After my six month stint in the Maldives, it was time for me to return to an area closer to home. I was fortunate to have the incredible opportunity to work as a Conservation Specialist in the Banyan Tree Bintan Conservation Lab. In the Maldives, there’s an incredible amount of research and monitoring done on a regular basis. In Indonesia, they have been accomplishing so much in terms of community outreach and raising environmental awareness, but more needed to be done in terms of research. My task was to establish an avian and forest habitat monitoring program aligned to the lab’s citizen science birdwatching program. In addition to this piece of research, I will also be helping out with guest activities such as nature walks, conservation talks, etc.
Where I’ll be spending a lot of time over the next three months (Bintan Conservation Lab)
The team here is small but incredibly effective, led by Mr Henry Singer, our environment naturalist, who has been running the lab here for more than a decade. Renald Yude, who supervises marine conservation activities and runs the Seedlings Youth Mentorship Program and Adlan Bakti, who runs terrestrial conservation in the lab. I also worked with one of their interns from the Bogor Agricultural University, Revani Utami, who helped out with the operations and conducted her research on characteristics of sea turtle egg-laying sites.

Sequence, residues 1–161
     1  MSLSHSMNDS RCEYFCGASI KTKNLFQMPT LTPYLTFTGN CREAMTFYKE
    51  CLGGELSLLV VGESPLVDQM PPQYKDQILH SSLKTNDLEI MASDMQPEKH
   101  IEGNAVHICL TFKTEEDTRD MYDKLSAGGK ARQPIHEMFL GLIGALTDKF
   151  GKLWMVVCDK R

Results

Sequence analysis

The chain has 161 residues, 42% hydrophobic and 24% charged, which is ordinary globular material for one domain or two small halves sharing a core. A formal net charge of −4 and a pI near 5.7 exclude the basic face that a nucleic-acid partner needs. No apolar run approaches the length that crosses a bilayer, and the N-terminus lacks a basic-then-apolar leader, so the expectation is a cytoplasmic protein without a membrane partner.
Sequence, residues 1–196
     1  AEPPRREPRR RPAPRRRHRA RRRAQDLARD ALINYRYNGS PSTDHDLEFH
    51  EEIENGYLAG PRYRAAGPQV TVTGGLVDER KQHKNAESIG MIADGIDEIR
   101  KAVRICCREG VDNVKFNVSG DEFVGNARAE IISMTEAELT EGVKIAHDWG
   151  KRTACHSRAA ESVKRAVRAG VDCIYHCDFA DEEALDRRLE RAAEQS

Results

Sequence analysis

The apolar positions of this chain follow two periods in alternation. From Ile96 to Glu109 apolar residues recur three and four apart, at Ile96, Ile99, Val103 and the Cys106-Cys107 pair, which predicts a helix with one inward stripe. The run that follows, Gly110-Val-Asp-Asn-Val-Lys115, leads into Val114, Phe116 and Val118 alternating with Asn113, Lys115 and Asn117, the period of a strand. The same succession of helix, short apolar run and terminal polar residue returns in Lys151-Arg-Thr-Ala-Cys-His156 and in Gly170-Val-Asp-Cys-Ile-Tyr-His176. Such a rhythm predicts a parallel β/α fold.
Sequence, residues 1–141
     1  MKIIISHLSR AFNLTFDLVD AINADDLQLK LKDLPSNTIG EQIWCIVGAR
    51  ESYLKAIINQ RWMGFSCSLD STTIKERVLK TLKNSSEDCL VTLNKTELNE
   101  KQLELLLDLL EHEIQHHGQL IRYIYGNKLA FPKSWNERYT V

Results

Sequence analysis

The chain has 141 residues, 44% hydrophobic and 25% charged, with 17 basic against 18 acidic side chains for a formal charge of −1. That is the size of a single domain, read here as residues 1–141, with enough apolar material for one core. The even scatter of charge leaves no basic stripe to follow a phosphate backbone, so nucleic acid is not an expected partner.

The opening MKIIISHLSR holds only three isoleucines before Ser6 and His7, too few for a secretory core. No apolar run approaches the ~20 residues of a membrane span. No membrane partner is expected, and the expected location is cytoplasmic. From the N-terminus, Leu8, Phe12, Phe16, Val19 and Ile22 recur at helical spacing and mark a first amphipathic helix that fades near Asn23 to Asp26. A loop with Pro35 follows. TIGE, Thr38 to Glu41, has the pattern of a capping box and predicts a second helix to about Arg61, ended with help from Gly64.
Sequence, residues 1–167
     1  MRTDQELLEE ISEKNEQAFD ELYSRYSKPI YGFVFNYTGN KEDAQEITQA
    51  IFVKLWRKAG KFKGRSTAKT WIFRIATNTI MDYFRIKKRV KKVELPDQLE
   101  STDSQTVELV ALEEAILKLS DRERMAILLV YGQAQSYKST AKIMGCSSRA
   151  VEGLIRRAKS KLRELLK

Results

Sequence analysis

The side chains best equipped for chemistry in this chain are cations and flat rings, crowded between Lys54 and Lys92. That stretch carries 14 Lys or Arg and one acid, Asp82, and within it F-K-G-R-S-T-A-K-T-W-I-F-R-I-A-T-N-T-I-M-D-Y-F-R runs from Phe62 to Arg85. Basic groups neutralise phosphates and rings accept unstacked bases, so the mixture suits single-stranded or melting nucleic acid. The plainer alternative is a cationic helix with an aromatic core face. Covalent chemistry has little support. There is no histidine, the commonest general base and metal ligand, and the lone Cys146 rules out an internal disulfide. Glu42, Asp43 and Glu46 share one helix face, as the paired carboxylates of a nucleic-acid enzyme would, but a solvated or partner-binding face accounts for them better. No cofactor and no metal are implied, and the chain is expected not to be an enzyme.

One of the most remarkable success stories and testaments to the resort’s success in community engagement is the turtle conservation program. I learned that the resort is adjacent to a village called Kampong Baru, a small conglomeration of around a hundred artisanal fishermen and their families. In the past, turtle eggs were often collected and consumed by locals. A study in 2004 observed estimated that approximately >90% of sea turtle nests were collected for consumption. Hawksbills have been observed nesting most frequently on the shores of Bintan between March and September. Today, however, the fishermen use their indigenous knowledge of the sea to aid conservation efforts. They’ve been trained to collect the eggs without damage and then to help with relocation efforts to a safer area where the eggs are free from both natural predators and poaching from humans.
The vast majority of nests are laid on the Northern coast of Bintan, on a long stretch of sandy beach known as Pasir Panjang (the same name as Singapore, except this beach is actually long). One morning, Renald had some incredible news to share. He’d received a call that a large female green had come ashore on Pasir Panjang to lay a clutch of eggs. I remember beating myself up for not being there and seeing the videos of this large female, but knowing we were on the same island for a couple of hours or so still felt pretty magical.
Usually, turtles lay their eggs at night, but this female was found in the early morning (Photos from Renald Yude)
As mentioned earlier, Banyan Tree Bintan’s outreach and education work with the community enables an extensive network of people on the lookout for nesting sea turtles. Once these turtles are sighted laying eggs, we receive a call and we’ll be down to collect these eggs in a bucket hours later. The whole process is quite speedy. Then, the turtles are transferred to our hatchery, where they’re protected and accounted for.